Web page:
Cryptozoic Entertainment and Adult Swim have teamed up again, this time for another Rick and Morty venture: a cheerful dice game about death fit for the whole family — if that family is ages 15 and up.
In the season-four premiere, Morty discovers a “death crystal,” an alien gem that allows the bearer to take a glimpse into the ever-changing, infinite possible fates to which they could succumb. In the Morty Zone Dice Game, players don’t exactly face a rotating selection of demises — actually, they don’t face any death narratives at all. Instead, they face a changing sum of color-coordinated dice. Scary!
Players take turns rolling eight dice (two blue, two red, two green, and two black) in one fell swoop then checking off the corresponding number combination on their dry-erase Fate Boards, bingo-style. Each “check” equals one point toward the player’s round total. The number of available number combinations decreases as the round progresses, numbering your chances (ahh, now I get it) on ending the round with the highest scoring total. This total can also be inflated by reaching goals defined on Public Bonus Cards and Death Crystal Tokens. The one with the highest score is the winner — or rather, the one with the least-horrible death. It should go without stating that this game pairs with a nice, stiff drink.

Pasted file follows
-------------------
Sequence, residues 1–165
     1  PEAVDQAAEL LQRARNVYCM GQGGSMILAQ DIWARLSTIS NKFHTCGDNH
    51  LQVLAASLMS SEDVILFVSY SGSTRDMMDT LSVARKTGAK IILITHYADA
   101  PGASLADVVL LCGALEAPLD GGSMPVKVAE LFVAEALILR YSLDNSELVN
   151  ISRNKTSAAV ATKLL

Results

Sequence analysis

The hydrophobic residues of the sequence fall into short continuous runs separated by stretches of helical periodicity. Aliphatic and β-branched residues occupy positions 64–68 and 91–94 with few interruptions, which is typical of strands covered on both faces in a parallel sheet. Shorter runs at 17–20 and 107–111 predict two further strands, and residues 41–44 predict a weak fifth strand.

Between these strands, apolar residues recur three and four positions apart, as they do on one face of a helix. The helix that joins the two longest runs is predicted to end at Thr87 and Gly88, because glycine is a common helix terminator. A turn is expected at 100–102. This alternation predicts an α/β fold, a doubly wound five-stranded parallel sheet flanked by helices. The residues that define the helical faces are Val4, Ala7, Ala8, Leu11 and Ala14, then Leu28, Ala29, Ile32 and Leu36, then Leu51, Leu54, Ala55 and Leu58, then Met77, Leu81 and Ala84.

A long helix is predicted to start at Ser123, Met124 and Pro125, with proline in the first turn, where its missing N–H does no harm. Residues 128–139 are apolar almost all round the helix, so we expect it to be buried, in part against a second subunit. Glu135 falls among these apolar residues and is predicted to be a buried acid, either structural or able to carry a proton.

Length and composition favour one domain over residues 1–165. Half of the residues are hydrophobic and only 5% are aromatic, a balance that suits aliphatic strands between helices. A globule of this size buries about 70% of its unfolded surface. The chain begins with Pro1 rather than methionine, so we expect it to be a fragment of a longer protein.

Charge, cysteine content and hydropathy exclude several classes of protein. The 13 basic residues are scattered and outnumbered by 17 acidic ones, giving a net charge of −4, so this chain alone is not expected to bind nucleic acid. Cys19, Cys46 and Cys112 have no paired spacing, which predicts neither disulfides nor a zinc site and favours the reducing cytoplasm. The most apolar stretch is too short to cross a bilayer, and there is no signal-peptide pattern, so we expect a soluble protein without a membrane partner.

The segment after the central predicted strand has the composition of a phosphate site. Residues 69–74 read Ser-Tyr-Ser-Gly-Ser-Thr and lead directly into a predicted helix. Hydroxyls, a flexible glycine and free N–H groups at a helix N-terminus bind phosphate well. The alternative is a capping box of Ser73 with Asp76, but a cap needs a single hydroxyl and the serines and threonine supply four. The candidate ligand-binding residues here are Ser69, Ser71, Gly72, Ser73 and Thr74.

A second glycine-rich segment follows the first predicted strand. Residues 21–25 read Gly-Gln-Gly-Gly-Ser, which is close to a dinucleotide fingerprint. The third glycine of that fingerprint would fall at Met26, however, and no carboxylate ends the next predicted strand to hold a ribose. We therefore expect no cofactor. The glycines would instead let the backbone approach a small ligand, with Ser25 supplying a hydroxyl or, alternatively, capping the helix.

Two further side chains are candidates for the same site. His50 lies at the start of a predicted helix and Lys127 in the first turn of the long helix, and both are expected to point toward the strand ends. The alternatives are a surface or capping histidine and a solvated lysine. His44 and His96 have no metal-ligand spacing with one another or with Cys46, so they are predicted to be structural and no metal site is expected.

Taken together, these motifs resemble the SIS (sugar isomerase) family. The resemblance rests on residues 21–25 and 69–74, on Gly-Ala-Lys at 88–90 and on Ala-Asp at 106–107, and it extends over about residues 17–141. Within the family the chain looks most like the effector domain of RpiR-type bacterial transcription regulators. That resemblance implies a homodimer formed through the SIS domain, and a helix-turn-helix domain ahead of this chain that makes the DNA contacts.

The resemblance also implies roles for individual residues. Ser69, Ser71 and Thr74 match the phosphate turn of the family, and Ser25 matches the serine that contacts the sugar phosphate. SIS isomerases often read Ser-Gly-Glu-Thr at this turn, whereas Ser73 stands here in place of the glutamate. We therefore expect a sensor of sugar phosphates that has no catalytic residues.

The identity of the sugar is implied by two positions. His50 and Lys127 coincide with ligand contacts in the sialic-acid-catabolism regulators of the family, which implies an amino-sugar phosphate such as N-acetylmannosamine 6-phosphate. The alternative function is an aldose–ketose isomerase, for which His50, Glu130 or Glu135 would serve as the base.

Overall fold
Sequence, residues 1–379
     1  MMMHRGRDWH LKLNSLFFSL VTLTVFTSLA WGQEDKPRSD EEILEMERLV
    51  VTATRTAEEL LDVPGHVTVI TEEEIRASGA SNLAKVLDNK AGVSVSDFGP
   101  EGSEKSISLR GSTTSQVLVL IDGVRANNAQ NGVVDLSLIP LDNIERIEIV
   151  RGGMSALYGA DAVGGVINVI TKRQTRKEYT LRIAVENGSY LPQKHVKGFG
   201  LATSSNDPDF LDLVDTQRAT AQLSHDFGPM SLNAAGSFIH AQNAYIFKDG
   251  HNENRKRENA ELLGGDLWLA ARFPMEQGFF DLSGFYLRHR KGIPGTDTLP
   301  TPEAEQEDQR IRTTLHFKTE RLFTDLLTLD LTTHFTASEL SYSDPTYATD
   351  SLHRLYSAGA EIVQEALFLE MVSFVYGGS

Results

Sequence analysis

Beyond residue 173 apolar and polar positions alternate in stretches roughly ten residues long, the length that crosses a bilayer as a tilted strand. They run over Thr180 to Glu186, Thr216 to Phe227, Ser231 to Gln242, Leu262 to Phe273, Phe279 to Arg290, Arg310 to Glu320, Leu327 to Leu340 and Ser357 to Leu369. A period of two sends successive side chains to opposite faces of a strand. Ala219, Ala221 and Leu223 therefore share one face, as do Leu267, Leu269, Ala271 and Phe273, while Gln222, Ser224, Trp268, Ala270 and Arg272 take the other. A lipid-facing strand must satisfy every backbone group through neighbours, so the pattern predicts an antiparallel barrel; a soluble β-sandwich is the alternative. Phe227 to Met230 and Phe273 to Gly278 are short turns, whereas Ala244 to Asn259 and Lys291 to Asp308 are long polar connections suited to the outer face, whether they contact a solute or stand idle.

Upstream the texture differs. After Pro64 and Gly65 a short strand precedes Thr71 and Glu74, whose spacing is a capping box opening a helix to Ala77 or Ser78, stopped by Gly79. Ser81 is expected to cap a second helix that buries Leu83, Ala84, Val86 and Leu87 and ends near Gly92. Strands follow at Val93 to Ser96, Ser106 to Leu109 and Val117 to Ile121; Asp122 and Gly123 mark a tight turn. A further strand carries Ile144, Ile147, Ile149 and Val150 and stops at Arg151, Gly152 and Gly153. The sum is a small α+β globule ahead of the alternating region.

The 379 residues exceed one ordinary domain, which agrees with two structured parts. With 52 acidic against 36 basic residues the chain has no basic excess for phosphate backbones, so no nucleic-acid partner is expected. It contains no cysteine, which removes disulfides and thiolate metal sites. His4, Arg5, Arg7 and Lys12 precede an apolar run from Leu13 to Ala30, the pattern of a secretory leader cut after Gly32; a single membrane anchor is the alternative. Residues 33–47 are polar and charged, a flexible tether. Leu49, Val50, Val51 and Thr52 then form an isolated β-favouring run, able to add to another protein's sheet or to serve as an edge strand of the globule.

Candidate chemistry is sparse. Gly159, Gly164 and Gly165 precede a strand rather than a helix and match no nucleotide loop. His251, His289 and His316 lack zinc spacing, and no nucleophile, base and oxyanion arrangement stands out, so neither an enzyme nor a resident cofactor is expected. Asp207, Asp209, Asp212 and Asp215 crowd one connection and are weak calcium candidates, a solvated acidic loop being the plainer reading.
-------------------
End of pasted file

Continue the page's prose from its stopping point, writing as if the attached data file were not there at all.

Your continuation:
Setup and learning curve aside, the gameplay is actually quite fun, as strategy and planning quickly come into play to outsmart your opponents and delay your moves for potentially higher points in your foreseeable future (alright, alright — the fate-talk sneaks up on ya). With two, three, or four players, each round can be over in a couple of minutes, and a game as quick as half an hour, making for a great anytime board game.
The biggest letdown of the Morty Zone is the startling lack of popular Rick and Morty jokes weaved into gameplay. Besides the appearance of some fan-favorite characters scattered across game cards and a handful of Rick clones featured from the episode source, not a single line of in-game copy features a joke, line of dialogue, or “wubba-lubba-dub-dub.” This makes for a small barrier of entry for those unfamiliar with the show, but since they’re likely not the ones reaching for this game on the shelf, who cares if a Mr. Poopy Butthole-ism goes over their head?
All in all, the Morty Zone is an entertaining game that will bring players back for its strategic devices and outcomes, but not for that Szechuan-sweet Rick and Morty humor.
Photo: Cryptozoic Entertainment